It comes as no surprise that Europe remains the favorite destination of overseas-bound Americans and that England is the most popular country, with almost 4 million visits last year. We know it's not for the food. Could it be familiarity with the language?

One thing Americans are not familiar with in Britain is the driving, which is, of course, on the other side: other side of the road, other side of the car. The Virgin Islands, Jamaica, Kenya, South Africa, India, Japan, Australia, and some other countries also have driving on the left side.

There's nothing to it once you've had some practice—but if you've been in this situation, you know how nerve-racking it was the first time you experienced it.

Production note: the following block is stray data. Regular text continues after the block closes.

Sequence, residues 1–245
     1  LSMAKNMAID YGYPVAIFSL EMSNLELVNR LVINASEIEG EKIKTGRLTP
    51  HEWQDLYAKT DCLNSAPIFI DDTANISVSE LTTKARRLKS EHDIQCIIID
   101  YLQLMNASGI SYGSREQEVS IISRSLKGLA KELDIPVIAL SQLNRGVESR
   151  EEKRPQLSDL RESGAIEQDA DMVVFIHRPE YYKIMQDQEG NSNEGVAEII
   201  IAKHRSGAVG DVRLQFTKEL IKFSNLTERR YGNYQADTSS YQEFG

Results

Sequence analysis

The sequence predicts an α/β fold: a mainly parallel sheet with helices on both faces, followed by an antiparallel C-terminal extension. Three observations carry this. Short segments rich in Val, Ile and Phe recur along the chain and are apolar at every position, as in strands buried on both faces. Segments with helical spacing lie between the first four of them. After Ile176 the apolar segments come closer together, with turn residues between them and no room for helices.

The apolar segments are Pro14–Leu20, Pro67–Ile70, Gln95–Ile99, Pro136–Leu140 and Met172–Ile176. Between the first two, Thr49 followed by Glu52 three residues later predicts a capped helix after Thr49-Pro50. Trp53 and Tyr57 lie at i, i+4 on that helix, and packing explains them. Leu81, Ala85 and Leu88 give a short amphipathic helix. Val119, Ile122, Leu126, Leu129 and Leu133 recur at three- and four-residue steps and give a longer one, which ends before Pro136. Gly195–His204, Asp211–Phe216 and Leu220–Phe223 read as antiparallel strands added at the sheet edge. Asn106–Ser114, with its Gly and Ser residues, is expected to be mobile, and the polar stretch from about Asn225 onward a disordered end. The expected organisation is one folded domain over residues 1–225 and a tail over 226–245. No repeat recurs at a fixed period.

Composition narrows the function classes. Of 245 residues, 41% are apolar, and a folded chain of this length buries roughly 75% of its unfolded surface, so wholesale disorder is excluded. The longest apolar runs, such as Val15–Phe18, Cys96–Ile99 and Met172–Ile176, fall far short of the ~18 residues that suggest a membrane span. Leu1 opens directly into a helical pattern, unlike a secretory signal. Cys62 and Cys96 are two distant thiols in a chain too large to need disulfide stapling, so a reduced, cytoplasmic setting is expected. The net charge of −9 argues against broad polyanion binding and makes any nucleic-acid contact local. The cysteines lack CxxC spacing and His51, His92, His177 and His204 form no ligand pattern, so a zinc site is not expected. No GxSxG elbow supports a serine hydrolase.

Here are some ways to cope.

  • Avoid driving the moment you step off the plane—especially in the morning. It's one of the busiest times of day, and jet lag causes fatigue and confusion.
  • Request a car with automatic transmission. Shifting gears with the left hand adds to the initial difficulty.
  • If possible, start on roads that require little navigation, like freeways with light traffic.
  • Be alert and calm when turning, the most difficult part of driving on the other side. Always look both ways several times before making a turn.
  • Getting back on the road after a stop can be particularly risky. Be extra vigilant, and don't let that pint of ale with your pub lunch contribute to calamity.
  • Drive near the center of the road, and take hints from the driver in front of you.
  • When you get into traffic circles (called roundabouts in Britain), stick to the inner lane and go around as many times as you need to until you're ready to exit.
  • Learn international traffic signs beforehand. You can obtain a booklet from your local automobile association, or call the country's tourist board